Review by Carole Mertz
– Williams’ poems move from death to life and from life to death as she traverses themes of miscarriage, fertility in woman and in earth, scenes of grief, but scant joy. A tone of quiet regret underlies many of the verses. Any mother who has lost a child will appreciate the stark images of emptiness and sorrow conveyed in “Song” and “Eight Weeks.”
There are no specific divisions in this short collection. We experience free verse poems about a woman’s desire to conceive, birth, loss of a child, loss of a parent, the caring of a young child, the revisiting of former addresses, separated parents, and graves.
In “One Should Know Winter,” the author makes us lament the dying, even as in her final line of stanza four, she calls for sleep. I like these passages for the way the repeated element of “forming” balances so perfectly the element of “dying.” In fact, these lines are among the best in the collection. In the fifth stanza we read:
Behind the house, in the light, the ants like to sleep.
All night they work so hills of soil are formed.
They are busy and do not think of dying,
The ground is dry, leaves have disappeared.
At least it will not always be winter.
In April I will hope once more for a child.
Coming upon the poem “Grace,” we feel a kind of blessing and relief from the themes of pain and loss of the previous pages. (A boy and his mother enjoy a simple game of Frisbee while “Low gray clouds move quickly by/ this solemn sky.”) But even here, the horizon is darkened.
Though “Interior Landscapes” gives us specific places in New York’s Borough of Queens, (I enjoyed travelling through the poem from Northern Boulevard, to 53rd Street, and on to the Waldorf Astoria, all places I know well) some of the poems are written in fragmented phrases that merely suggest ideas or scenes. For example, in “Poem” we read:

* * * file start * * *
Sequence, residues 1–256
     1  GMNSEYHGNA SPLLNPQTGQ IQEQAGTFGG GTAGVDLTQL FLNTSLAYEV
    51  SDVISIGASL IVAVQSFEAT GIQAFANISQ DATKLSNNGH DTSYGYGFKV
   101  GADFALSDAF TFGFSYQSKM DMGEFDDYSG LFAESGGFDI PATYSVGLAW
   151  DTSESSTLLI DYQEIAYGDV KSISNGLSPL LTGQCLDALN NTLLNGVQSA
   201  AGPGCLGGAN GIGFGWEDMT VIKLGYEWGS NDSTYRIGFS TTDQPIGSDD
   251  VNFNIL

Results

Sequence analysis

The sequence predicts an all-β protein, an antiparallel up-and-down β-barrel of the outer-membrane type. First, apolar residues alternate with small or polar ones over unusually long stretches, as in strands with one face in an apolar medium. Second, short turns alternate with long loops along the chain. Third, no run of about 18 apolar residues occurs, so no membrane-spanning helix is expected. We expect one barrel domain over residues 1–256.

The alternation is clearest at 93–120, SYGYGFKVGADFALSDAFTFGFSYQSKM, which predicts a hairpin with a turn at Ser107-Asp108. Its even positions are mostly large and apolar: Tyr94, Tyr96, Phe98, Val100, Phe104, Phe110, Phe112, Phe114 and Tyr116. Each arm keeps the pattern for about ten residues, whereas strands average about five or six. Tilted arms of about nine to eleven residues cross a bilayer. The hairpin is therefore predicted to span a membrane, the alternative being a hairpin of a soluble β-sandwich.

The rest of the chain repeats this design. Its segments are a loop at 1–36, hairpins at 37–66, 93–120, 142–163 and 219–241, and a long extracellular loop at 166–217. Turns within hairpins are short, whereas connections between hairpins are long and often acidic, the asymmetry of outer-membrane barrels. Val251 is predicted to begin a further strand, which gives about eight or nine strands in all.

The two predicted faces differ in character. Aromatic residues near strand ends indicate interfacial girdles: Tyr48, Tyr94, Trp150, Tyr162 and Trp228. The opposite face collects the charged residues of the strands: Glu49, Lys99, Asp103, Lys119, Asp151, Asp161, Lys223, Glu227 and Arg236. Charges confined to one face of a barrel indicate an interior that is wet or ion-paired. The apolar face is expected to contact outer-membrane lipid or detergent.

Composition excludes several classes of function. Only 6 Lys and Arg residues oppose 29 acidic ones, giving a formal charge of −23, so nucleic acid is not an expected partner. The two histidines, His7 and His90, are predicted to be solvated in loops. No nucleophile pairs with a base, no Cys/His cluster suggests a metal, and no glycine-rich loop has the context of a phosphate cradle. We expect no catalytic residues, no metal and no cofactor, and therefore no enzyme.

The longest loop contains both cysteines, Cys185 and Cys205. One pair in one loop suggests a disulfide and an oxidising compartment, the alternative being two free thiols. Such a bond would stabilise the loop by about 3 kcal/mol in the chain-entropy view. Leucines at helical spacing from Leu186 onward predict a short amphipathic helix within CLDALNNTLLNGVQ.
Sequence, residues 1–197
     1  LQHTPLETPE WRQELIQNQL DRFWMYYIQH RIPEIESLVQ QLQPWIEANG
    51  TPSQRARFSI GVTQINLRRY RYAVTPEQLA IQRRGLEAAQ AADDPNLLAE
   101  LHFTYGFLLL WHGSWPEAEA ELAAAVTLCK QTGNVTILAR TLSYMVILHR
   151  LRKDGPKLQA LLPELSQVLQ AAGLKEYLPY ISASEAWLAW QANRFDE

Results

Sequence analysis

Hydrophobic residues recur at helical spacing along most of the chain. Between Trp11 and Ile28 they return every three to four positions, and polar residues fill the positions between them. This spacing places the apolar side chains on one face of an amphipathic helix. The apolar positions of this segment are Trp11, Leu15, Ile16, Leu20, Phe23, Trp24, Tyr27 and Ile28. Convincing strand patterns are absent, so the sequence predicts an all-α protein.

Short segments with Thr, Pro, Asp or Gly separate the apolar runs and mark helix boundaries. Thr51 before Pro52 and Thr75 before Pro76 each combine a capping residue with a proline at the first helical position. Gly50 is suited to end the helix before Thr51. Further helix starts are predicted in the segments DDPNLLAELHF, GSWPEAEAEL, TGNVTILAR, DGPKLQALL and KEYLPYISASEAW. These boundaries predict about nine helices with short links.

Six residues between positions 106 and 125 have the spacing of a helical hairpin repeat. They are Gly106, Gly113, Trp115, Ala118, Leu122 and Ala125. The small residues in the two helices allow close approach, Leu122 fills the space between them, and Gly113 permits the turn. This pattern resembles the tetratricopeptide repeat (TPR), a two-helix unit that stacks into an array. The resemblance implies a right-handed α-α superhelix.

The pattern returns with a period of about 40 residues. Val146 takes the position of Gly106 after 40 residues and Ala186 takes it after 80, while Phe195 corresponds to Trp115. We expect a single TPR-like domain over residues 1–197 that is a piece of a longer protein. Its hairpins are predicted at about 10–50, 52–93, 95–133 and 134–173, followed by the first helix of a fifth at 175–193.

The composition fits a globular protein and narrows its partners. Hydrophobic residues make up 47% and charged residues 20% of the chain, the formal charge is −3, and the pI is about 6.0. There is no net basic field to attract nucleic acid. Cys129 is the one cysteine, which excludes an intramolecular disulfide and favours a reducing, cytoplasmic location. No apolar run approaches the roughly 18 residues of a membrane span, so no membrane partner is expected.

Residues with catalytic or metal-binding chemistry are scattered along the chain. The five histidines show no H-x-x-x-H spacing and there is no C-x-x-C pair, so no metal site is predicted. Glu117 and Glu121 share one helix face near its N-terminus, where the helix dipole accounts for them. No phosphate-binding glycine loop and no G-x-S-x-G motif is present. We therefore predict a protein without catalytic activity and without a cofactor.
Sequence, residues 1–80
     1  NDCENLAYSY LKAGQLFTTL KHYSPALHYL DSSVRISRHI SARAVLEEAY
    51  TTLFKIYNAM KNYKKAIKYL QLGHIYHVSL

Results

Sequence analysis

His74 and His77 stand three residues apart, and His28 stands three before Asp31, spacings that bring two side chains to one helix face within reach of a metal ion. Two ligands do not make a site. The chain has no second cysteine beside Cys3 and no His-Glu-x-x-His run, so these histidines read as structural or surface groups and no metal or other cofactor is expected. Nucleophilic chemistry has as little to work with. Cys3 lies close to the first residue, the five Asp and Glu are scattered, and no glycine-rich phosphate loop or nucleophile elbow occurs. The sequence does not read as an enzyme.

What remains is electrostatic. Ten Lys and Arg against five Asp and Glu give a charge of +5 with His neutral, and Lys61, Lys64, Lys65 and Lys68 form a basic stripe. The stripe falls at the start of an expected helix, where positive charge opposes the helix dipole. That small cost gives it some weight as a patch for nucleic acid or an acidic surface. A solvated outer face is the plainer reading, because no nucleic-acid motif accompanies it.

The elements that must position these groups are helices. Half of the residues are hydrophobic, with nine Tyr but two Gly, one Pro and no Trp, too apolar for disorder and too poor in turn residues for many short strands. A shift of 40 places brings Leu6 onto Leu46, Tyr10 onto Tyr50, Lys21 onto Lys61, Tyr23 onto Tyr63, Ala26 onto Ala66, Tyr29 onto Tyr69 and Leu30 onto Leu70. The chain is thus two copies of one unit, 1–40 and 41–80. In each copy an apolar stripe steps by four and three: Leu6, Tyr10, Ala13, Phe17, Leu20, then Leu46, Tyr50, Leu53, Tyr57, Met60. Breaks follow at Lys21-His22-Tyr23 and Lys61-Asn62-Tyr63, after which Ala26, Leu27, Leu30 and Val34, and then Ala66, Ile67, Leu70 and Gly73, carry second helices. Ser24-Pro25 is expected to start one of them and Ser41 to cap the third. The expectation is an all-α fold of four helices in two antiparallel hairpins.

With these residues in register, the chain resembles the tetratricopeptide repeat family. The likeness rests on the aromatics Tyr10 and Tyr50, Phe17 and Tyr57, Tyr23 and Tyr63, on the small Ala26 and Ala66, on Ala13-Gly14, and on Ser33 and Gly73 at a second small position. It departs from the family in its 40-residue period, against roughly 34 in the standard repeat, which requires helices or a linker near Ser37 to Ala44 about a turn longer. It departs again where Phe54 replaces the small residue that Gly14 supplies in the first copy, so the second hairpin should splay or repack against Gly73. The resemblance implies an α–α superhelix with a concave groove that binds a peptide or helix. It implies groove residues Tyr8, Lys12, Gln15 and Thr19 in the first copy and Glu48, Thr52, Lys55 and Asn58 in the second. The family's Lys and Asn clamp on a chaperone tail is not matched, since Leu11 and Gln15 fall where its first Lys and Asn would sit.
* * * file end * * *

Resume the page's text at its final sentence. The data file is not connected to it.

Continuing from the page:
The avocados on the table
this morning marred by light
from the moon’s sneeze so subtle
I couldn’t hear
it slice the motorcycles
in my dreams…
Reflecting on this poem’s final line, we wonder why the white tulips are a reproach to the persona within the poem.
Williams tells us she is influenced by Daisaku Ikeda, and we can discern the Buddhist element in her work. Though I appreciate the cloudy aspects of a dream poem, hazy qualities pervade many of these poems, sometimes to good effect, and sometimes begging more precision. See for example, “…in red and orange boats near the edge of the water where waiting is another pond another possibility.” from “Gull Pond.”
I found “For Sam” the most endearing of the twenty-one poems. (In this verse, Williams gives a nod to poet, Cynthia Zarin.) Through simple child-like rhyming we can envision the child at play, perhaps babbling while he plays: “My whale, my sail, my little pale…“
For her lyrical style, we can look forward to Williams’ next collection.
Finishing Line Press
Georgetown, KY (2014)
Carole Mertz has reviewed for World Literature Today, Arc Poetry Magazine, Copperfield Review, The Conium Review, and Christian Communicator. Her essay on Time Management is in Writing after Retirement, Smallwood & Redman-Waldeyer, Eds. She writes in Parma, Ohio.